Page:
Washington senator insists insurance bill is not about gun control
One senator has introduced a measure that takes on the issue a different way, requiring liability insurance before someone can buy a gun.
Sen. Maralyn Chase (D-Edmonds) says people have to buy insurance for their homes, their cars, and other items, so having it for guns makes sense to her.
Chase insists her bill is not about gun control, but rather public and private protections.
“I fully believe in Second Amendment rights, however, with those rights come great responsibilities,” Chase said. “We see the destructive power of guns almost nightly on the news and yet we do not require gun owners to have any type of liability insurance. Requiring liability insurance may cause an irresponsible gun owner to exercise extra care in preventing firearm-related accidents, especially in tragic accidents involving children.”
Dave Workman, senior editor of thegunmag.com, doesn’t believe gun liability insurance will do anything to cut down on crime or gun related accidents.
“This is one more hoop that somebody is trying to throw out there to require people to jump through before they can exercise a civil right,” he said. “If they did this, or tried to do this, the howling would be heard all the way from our Washington to Washington D.C.”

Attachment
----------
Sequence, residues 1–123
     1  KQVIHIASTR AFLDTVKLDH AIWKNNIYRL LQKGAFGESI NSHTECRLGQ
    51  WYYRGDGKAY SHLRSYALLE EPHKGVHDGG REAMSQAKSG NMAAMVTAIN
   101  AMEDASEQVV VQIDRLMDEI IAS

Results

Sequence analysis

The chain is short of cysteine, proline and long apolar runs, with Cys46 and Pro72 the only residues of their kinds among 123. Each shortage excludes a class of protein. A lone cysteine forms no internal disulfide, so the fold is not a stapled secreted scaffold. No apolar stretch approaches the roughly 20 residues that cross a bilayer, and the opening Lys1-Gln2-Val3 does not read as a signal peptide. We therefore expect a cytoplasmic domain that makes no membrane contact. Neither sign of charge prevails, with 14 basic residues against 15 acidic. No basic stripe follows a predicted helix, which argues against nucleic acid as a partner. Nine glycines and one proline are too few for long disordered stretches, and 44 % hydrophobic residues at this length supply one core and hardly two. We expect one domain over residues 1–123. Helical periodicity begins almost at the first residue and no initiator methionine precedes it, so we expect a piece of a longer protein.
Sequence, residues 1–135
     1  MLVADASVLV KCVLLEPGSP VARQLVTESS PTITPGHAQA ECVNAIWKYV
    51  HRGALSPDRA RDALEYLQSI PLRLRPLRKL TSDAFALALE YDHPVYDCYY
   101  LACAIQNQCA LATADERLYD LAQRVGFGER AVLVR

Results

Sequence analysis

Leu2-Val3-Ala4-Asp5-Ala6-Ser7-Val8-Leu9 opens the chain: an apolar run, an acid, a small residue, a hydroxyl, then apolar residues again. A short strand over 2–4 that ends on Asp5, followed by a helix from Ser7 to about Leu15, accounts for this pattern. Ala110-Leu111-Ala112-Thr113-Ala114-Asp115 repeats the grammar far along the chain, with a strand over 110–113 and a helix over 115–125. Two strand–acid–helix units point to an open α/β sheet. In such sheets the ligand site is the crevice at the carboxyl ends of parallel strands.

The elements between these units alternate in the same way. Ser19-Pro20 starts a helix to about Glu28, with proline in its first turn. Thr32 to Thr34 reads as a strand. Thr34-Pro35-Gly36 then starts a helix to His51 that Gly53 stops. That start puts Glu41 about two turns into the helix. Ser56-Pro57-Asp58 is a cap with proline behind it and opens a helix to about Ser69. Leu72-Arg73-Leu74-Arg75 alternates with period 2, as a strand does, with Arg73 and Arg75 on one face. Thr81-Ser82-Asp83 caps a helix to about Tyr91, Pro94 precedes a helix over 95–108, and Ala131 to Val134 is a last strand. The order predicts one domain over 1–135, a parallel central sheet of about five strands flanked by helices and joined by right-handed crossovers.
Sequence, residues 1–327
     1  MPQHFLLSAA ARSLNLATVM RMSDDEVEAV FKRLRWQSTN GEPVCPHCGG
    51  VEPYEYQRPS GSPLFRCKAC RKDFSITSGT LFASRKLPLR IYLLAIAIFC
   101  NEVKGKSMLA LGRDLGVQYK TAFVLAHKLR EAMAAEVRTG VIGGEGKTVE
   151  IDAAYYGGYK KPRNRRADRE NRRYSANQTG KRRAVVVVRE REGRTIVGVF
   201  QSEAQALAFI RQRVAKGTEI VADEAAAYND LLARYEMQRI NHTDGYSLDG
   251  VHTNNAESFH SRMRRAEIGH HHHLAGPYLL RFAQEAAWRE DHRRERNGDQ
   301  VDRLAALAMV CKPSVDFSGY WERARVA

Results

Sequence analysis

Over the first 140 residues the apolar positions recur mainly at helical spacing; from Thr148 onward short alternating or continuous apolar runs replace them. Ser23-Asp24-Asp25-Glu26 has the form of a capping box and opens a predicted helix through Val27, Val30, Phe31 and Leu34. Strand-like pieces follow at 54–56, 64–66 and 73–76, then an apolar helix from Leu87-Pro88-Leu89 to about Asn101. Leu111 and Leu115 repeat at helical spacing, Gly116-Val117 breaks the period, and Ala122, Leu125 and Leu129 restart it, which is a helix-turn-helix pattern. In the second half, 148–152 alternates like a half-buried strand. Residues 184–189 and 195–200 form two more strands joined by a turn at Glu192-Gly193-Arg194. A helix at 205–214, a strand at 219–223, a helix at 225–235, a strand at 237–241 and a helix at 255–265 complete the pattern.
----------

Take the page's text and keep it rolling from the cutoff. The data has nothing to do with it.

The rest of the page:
Workman says politicians can only go so far with something like this before getting a negative reaction from the public.
He doesn’t believe the bill will get much traction in Olympia.
Senator Chase agrees. She admits it will be difficult to get it out of the Senate given the current political makeup. But, she says, it’s important to get the discussion started.
For now, her bill sits in the Senate’s Law and Justice Committee, with no hearing scheduled.
Insurance companies wouldn’t mind
There is one group that’s in favor of gun liability insurance — insurance companies. Insurance companies sell policies for self-defense use of guns and concealed carry. It’s even NRA-endorsed.
As described in a video promoting “Second Call Defense,” the “legal aftermath of a self-defense shooting can sometimes seem worse than what causes you to use lethal force in the first place.”
Here’s the video: